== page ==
Congress should focus on providing Customs and Border Patrol (CBP) with technology to patrol the border and detect illegal smuggling, rather than building a physical barrier across the whole southern U.S. border, according to Rep. Will Hurd, R-Texas.
Instead, Hurd said, CBP needs technology that is easy to use, integrated across various law enforcement sectors, and can be accessed by agents in the field.
“This is why I get frustrated with all this talk about a wall, because $24.5 million a mile, that’s a lot of money. You can deploy a lot of off-the-shelf technology to do what I just described for half a million dollars a mile,” said Hurd. “That’s where we’re trying to go with this idea of a smart wall that leverages technology to make sure the men and women of Border Patrol are doing their thing.”
U.S. Customs and Border Patrol officials, who testified before the House Subcommittee on Border and Maritime Security on July 25, spoke to the need for detection technologies that can communicate with each other and that include automated reports to the agents and offices that need them.
“My tech scenario would be having the right mixture, based on the threat, having the right mixture of technology–and we can’t do it alone, no piece of technology has ever made an apprehension–that informs and talks to all the other component pieces that we have within CBP,” said Scott A. Luck, acting deputy chief of the U.S. Border Patrol. “We have systems out there that are stand-alone systems that we need…to have speak to one another.”
“I have personally witnessed a significant increase in the development and the deployment of technology to aid in the security of our borders,” said Dennis J. Michelini, acting executive director of operations for Air and Marine Operations at CBP. “The result of which has, without doubt, improved our efficiency and effectiveness in fulfilling our law enforcement mission.”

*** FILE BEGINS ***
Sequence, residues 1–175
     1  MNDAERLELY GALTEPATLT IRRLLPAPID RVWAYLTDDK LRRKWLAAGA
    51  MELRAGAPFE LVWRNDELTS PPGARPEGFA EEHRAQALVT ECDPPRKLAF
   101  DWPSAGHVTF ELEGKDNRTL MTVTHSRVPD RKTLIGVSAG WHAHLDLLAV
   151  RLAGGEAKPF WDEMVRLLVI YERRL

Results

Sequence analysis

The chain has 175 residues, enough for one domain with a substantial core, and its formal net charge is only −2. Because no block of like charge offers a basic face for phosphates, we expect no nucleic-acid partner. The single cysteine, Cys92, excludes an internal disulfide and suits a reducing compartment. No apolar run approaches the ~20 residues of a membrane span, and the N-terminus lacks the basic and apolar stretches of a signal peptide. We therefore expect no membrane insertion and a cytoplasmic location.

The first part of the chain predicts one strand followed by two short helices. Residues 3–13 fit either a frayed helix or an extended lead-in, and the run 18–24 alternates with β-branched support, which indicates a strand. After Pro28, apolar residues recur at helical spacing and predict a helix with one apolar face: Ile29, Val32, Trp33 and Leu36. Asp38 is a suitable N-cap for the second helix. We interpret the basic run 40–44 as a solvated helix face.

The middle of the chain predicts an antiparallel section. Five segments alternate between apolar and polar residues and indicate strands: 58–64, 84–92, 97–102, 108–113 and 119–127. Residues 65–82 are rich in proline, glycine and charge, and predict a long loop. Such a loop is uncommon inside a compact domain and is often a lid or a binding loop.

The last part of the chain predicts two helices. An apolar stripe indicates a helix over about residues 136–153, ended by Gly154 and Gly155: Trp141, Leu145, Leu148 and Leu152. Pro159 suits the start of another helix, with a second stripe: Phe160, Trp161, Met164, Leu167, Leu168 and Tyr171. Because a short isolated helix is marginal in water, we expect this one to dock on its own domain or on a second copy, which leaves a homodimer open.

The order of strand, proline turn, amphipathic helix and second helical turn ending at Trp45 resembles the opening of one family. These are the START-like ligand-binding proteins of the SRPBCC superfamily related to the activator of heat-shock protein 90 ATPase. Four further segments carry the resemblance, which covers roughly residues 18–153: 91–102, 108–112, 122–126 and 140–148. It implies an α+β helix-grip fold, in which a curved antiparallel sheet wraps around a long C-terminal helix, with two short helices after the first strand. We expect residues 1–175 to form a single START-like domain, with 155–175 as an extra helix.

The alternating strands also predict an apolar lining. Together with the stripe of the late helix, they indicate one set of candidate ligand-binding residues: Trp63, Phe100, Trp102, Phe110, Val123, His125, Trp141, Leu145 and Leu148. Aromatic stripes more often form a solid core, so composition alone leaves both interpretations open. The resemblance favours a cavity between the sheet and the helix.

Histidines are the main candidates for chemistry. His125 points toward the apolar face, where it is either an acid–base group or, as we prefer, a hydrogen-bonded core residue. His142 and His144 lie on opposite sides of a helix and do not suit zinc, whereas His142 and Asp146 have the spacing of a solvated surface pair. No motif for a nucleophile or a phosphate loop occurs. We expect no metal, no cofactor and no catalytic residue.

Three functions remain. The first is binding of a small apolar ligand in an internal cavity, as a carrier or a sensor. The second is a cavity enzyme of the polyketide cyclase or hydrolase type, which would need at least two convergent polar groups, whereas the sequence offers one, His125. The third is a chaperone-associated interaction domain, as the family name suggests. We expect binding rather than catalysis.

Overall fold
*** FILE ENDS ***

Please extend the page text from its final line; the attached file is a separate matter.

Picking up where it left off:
However, recent Government Accountability Office (GAO) reports have indicated that CBP needs to do more work in recording the results of technology implementation.
“Although CBP has made this progress in technology deployments, we have also reported that CBP could do more to strengthen its management of technology programs and better assess the contributions of surveillance technologies to border security efforts,” said Rebecca Gambler, director of Homeland Security and Justice at GAO. “CBP needs to develop and implement performance measures and analyze data it is now collecting.”
Rep. Lou Correa, D-Calif., also worried that the management of construction contacts for a physical border wall might distract from the management of technology assets.
“With limited resources for technology on the border it’s important that Customs and Border get it right when it comes to procuring, testing, and deploying technology along the border,” said Correa.
According to Hurd, if the border wall price of $24.5 million per mile were extended across the 1,350 miles of the border that doesn’t have fencing, that equates to a $33 billion price tag on the physical wall.
“I can use $32 billion of that for a lot of other things, like give y’all’s folks more pay for the hard work that they do, give Mr. Michelini some more air assets to do what he does,” said Hurd. “It’s 2017, and I think we as a government should have done a better job of helping y’all deploy technology along the border to do your jobs.”